As far as book shops go, my favourite is still Borders, but that's only because of their magazine range, rather than the books themselves (although they do have a range of Art books and graphic novels that make me want to go and rob a bank as soon as I see them).
            "That which does not kill us, makes us stranger." - Trevor Goodchild

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            • #7
              Most of our local second hand stores have gone (inc. a very cool one called Ubik that had a good selection of off-beat stuff) - part of that is pressure from Oxfam books (who also do records) - makes it hard for them to compete as a business against a charity shop. Then again so have the record and CD shops, replaced by clothes shops and takeaways, which says a lot about students these days. (In my day, we bought second hand clothes to be able to buy records).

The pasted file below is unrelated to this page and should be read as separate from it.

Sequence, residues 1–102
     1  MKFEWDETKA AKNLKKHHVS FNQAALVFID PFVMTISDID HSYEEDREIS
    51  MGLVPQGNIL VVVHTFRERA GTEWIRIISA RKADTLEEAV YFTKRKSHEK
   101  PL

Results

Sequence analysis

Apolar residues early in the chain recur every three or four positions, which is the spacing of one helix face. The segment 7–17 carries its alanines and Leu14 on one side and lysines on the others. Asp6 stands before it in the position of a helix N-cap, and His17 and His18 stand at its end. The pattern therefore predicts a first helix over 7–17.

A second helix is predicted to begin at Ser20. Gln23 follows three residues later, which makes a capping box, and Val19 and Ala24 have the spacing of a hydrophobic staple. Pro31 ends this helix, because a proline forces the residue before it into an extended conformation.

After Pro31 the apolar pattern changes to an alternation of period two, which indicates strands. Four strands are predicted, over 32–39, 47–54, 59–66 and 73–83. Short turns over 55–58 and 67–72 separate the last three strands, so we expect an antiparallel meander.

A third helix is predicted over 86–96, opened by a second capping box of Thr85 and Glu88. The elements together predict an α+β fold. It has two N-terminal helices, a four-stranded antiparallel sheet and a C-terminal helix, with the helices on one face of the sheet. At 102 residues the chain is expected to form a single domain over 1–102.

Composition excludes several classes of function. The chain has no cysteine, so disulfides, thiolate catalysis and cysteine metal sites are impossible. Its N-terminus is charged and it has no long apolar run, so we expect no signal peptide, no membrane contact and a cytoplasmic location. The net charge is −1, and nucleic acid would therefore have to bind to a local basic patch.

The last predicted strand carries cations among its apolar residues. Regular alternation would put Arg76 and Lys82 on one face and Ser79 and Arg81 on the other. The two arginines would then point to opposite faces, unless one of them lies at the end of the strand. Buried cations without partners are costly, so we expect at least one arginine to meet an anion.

I too will shed no tears for Ottakars - selection is the ones I've seen is rubbish.

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              • #8
                Originally posted by Mikey_C
                this will give to W******s; they will control about 25% of the market
                Just a self-correction - according to a report I read in The Times today, this is actually 50%.
                \"...an ape reft of his tail, and grown rusty at climbing, who yet feels himself to be a symbol and the frail representative of Omnipotence in a place that is not home.\" James Branch Cabell

                Comment


                • #9
                  Originally posted by Mikey_C
                  Originally posted by Mikey_C
                  this will give to W******s; they will control about 25% of the market
                  Just a self-correction - according to a report I read in The Times today, this is actually 50%.
                  Is this not illegal as it would make Waterstones a monopoly? It's been a while since I studied business and law but I can vaguely remember that to be classed as a monopoly, the company only had to control something like 25% of the market.

                  Could this be the death knell of the independant book seller (for those that still remain), at least in the traditional sense?